• Prostate volume < 40cc.  If the prostate is larger, hormone treatment or KTP laser can be used to reduce its size).
  • Normal rectal anatomy and mucosa (rectal wall <6mm)
  • Absence of obstructive symptoms. If the patient does have symptoms, he can previously undergo TUR or KTP laser treatment.
  • Patients who are not candidates for radical prostatectomy due to age, related illness, or obesity.

b – patients where external radiotherapy has been unsuccessful

  • Patients whose PSA has risen after external radiotherapy and where the presence of metastasis has been ruled out by NMR and PET scans.
  • Normal rectal anatomy and mucosa (rectal wall <6mm thick)

What patients cannot be treated with HIFU?

HIFU cannot be used to treat patients with large calcium deposits in the prostate as this prevents the prostate from being visualised properly and makes controlling the progress of treatment difficult.   It is not possible to treat patients who have previously had brachytherapy treatment since the implants in the prostate cause the same limitations to visualisation as the calcium deposits.  However, these calcium deposits can be eliminated by TUR.  Fibrosis, stenosis, and other problems of the rectum that do not allow the Ablatherm® probe to be placed are also contraindications for HIFU therapy.  The same applies to patients with artificial urinary sphincters, or penile, urethral or prostate prostheses.  Patients unwilling to suffer loss of sexual activity and take medication to remedy this are also not candidates for HIFU.  If rectal wall thickness is greater than 6mm, this is also a contraindication for HIFU.  Lastly, patients who cannot lie on their sides for 2-3 hours cannot be treated with HIFU.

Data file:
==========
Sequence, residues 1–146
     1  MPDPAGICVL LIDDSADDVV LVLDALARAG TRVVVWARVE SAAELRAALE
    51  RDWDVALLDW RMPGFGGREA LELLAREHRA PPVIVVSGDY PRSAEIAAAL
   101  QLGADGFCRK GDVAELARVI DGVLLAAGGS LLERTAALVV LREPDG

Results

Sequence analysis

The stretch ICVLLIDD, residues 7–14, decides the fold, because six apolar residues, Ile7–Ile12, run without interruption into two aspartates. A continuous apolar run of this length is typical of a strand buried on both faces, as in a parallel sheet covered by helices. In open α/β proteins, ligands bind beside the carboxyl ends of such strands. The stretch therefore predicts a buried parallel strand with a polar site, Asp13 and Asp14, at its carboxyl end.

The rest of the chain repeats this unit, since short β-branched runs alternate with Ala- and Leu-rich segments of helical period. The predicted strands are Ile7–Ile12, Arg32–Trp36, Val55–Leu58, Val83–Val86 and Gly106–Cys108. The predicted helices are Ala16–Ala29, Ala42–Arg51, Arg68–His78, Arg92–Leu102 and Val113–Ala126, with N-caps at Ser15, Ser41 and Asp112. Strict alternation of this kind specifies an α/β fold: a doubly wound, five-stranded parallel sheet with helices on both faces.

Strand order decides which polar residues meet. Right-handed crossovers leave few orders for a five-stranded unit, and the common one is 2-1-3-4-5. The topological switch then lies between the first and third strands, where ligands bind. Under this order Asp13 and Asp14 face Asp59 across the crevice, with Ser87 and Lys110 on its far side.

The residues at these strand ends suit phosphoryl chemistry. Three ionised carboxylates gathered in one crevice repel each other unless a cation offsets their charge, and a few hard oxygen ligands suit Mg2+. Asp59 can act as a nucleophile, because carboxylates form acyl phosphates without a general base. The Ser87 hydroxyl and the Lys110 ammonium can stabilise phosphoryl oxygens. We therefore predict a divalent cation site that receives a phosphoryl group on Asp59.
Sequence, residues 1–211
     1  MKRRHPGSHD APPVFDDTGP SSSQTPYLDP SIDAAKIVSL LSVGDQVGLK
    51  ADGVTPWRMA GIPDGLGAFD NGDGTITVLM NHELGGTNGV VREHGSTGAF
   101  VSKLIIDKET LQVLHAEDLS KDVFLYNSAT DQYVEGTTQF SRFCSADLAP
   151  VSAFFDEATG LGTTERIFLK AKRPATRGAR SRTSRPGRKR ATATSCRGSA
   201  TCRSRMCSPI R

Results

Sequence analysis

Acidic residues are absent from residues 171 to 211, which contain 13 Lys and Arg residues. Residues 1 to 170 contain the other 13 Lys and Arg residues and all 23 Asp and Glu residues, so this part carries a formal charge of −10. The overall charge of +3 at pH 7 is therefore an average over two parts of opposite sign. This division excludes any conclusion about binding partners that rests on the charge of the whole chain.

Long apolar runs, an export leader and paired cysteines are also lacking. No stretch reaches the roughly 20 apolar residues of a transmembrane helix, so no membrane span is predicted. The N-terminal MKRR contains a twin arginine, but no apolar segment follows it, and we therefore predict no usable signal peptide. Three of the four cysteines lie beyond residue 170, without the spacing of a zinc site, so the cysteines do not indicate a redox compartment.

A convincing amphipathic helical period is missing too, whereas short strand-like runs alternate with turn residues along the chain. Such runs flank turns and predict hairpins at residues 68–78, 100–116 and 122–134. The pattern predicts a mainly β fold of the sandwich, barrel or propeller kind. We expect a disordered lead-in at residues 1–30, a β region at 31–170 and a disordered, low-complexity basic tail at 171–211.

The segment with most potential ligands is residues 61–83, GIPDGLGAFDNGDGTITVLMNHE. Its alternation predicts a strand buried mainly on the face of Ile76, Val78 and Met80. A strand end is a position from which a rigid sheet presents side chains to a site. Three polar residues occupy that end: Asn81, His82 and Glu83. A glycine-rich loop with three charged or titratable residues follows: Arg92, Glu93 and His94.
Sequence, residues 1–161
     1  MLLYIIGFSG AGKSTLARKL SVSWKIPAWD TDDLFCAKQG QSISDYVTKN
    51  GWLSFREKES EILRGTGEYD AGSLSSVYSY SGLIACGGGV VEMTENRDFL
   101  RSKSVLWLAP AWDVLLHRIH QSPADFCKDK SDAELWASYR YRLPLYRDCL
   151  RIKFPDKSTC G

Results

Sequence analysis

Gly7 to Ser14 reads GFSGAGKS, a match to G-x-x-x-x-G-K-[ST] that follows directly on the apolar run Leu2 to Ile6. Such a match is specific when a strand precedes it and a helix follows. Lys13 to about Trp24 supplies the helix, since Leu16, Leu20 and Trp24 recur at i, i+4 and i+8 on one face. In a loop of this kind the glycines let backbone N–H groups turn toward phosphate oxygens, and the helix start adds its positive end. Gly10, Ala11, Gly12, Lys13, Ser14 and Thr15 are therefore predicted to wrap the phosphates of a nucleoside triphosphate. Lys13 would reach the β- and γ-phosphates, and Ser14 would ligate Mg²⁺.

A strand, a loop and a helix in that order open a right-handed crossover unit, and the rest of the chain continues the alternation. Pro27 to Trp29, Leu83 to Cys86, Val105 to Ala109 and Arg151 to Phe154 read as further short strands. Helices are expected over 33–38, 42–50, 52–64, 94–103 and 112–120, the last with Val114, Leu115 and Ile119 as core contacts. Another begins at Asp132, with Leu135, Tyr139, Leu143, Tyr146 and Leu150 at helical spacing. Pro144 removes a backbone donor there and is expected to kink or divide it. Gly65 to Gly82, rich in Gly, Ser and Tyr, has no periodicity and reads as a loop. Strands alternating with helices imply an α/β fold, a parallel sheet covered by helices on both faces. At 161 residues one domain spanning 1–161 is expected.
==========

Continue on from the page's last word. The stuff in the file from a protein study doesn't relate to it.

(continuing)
What are the results of treating localised prostate cancer with HIFU?

By the end of 2006 more than 12,000 patients had been treated with HIFU in Europe.  This treatment has been used with good results in countries such as France and Germany for more than 14 years.  Improvements in the HIFU apparatus (Ablatherm®) has led to a great reduction in side-effects and complications.
The results of a study undertaken in 6 European hospitals (3 in France, 2 in Germany and 1 in the Netherlands) was published in 2003.  This study followed 402 patients with localised prostate cancer (stages T1-T2).  228 patients had a prostate biopsy 6 weeks after HIFU treatment, 87% of these showing no signs of cancer.
The results of research in Munich were also published in 2003, where 271 patients received HIFU treatment.  In 88% of the cases where prostate biopsies were taken, there were no signs of cancer.  PSA had fallen to an average of  0.48 µg/L.  The disease-free survival rate at 5 years was 66%.  If patients are grouped according to initial PSA, disease-free survival rate was 90% if PSA was less than 4 µg/L, 57% if it was 4.1–10 µg/L, and 61% if PSA was 10.1-15 µg/L.  These results suggest HIFU offers a high degree of control of localised prostate cancer.